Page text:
With just over one month left until 2012 becomes 2013, people can take a number of savvy moves that help them lower their taxes in the new year. To help, Bill Losey, a retirement coach and certified financial planner offers the following tips to help financially prepare you for the new year.
Make a charitable gift before New Year’s Day— You can claim the deduction on your 2012 return, provided you use Schedule A. The paper trail is important here.
If you give cash, you need to document it. Even small contributions need to be demonstrated by a bank record, payroll deduction record, credit card statement, or written communication from the charity with the date and amount. Incidentally, the IRS does not equate a pledge with a donation. If you pledge $2,000 to a charity in December but only end up gifting $500 before 2012 ends, you can only deduct $500.
Does the value of your gift exceed $250? It may, and if you gift that amount or larger to a qualified charitable organization, you will need a receipt or a detailed verification form from the charity. You also have to file Form 8283 when your total deduction for non-cash contributions or property in a year exceeds $500.
If you aren’t sure if an organization is eligible to receive charitable gifts, check it out at the IRS website.
Contribute more to your retirement plan— If you haven’t turned 70½ and you participate in a traditional (i.e., non-Roth) qualified retirement plan or have a traditional IRA, you can reduce your 2012 taxable income by the amount of your contribution. If you are self-employed and don’t have a solo 401(k), a SIMPLE plan or something similar, consider establishing and funding one before the end of the year. Also, keep in mind that your 2012 tax year contribution to an IRA or solo 401(k) may be made as late as April 15, 2013 (or October 15, 2013 if you file Form 4868).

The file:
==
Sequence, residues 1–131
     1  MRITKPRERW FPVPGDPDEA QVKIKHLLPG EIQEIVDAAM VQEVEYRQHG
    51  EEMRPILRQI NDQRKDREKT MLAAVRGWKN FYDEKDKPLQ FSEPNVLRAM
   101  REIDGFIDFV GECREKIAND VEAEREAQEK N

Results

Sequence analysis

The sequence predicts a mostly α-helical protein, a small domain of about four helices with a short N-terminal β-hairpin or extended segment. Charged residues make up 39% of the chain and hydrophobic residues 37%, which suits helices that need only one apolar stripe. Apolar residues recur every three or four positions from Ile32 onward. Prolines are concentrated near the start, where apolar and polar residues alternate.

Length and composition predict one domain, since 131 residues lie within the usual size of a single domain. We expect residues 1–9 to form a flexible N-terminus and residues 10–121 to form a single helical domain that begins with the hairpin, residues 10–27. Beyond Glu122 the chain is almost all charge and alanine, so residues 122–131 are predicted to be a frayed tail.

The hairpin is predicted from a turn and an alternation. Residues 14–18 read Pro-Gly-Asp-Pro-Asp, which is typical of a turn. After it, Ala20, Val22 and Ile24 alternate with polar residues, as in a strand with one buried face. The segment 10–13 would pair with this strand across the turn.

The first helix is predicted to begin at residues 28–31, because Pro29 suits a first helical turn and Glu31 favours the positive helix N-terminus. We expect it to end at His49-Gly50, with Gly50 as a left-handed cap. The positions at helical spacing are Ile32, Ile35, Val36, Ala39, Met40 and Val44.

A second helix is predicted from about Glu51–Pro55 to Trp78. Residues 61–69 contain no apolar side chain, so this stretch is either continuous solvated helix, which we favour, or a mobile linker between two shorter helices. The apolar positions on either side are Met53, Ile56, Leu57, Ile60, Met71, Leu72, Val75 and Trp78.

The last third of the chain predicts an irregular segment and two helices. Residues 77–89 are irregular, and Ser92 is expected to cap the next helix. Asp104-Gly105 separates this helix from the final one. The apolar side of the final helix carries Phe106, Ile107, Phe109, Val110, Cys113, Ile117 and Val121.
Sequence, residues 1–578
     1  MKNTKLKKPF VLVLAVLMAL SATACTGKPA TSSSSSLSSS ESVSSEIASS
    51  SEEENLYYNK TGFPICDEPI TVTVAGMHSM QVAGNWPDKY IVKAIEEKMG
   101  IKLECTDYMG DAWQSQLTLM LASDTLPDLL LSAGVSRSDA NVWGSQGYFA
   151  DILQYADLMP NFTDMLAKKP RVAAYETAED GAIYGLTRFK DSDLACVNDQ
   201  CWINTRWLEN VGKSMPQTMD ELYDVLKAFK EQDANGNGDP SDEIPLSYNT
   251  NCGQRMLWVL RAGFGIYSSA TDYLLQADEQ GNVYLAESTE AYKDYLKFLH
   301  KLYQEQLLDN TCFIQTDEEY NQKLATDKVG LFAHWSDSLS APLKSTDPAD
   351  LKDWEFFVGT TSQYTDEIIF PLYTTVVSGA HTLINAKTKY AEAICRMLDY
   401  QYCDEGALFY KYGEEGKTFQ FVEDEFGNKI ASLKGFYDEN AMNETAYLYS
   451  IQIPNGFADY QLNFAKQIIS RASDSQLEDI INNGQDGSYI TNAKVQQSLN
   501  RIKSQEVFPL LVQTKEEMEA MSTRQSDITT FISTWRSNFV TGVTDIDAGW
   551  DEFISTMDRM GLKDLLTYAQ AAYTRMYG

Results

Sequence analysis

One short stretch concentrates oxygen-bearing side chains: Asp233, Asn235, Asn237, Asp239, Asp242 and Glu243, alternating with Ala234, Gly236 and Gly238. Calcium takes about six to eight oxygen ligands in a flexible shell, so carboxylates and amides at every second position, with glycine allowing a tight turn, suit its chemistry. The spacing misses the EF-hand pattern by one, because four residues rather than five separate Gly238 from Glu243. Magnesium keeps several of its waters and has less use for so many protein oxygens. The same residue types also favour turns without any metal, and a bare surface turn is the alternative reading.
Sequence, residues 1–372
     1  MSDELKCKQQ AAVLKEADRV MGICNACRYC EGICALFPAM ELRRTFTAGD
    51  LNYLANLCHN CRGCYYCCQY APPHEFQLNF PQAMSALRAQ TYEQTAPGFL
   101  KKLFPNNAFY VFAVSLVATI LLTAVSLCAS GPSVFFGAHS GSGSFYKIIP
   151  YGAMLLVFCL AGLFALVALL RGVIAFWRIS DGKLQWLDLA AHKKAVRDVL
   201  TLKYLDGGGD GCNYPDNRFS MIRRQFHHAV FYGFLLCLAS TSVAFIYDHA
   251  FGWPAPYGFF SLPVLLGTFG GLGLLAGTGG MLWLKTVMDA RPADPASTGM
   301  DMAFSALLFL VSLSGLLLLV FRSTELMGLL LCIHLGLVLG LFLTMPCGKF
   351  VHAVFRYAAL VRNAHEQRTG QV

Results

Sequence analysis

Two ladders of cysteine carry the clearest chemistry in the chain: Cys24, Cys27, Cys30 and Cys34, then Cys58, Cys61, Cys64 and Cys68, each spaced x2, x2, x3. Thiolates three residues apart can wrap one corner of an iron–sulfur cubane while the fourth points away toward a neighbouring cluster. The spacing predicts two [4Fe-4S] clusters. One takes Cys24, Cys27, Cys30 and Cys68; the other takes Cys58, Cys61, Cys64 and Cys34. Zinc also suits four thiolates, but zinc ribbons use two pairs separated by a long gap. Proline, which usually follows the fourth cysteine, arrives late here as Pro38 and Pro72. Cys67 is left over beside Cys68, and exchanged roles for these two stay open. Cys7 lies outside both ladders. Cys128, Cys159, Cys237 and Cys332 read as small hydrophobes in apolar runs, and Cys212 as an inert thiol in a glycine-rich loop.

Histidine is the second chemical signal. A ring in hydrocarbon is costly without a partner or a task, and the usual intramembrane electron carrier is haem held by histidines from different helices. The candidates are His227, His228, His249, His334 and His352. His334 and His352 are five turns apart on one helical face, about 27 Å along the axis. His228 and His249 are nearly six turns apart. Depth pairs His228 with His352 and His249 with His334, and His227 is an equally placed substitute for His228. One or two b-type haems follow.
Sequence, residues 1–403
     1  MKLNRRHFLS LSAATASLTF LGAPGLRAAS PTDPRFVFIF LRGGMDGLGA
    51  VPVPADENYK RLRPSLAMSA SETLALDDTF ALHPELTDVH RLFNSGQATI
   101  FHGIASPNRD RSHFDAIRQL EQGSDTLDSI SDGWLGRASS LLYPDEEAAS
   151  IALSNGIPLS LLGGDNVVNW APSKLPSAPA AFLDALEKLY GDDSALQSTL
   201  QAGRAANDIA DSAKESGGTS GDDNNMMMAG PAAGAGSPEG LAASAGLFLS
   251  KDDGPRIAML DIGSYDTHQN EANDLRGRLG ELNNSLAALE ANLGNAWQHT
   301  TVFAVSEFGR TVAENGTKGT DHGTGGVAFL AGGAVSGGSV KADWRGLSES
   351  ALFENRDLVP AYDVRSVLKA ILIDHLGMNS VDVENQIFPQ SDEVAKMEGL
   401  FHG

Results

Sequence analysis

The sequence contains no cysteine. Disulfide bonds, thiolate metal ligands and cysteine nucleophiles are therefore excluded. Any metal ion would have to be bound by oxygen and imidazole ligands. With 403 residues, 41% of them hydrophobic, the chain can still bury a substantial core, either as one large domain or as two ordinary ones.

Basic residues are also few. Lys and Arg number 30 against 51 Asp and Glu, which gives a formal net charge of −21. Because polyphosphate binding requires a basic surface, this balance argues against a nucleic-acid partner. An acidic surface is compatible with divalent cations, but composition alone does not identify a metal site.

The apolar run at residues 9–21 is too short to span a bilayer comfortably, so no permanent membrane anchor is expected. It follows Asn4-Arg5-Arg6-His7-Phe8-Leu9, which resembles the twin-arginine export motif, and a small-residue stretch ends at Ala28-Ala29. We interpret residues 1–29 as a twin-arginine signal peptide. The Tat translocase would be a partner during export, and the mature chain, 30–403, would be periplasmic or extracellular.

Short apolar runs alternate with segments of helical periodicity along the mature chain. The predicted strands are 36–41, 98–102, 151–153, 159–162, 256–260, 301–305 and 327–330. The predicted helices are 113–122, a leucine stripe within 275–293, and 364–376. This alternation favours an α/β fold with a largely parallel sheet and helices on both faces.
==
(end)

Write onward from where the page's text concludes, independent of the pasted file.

Make a capital purchase— If you buy assets for your business that have a useful life of more than one year – a truck, a computer, furniture, a rototiller, whatever – those purchases are commonly characterized as capital expenses. For 2012, the Section 179 deduction can be as much as $139,000 (although it is ultimately limited to your net taxable business income). First-year bonus depreciation is set at 50 percent for most purchases of new equipment and software in 2012. The way it looks now, the 2013 deductions may be much less generous.
Open a health savings account (HAS)— If you work for yourself or have a very small business, you may pay for your own health coverage. By establishing and funding a HAS in 2012, you could make fully deductible HSA contributions of up to $3,100 (singles) or $6,250 (married couples). Catch up contributions are allowed if you are 50 or older.
Practice tax loss harvesting— You could sell underperforming stocks in your portfolio – enough to rack up at least $3,000 in capital losses. If it ends up that your total capital losses top all of your capital gains in 2012, you can deduct up to $3,000 of capital losses from your 2012 ordinary income. If you have over $3,000 in capital losses, the excess rolls over into 2013.
Pay attention to asset location— Next year, dividend income is slated to be taxed as regular income. So tax on qualified stock dividends could nearly triple for the wealthiest Americans.
Capital gains taxes for high earners are scheduled to jump 33 percent in 2013. Long-term capital gains are now taxed at 15 percent for those in the highest four income brackets; that rate is supposed to rise to 20 percent next year.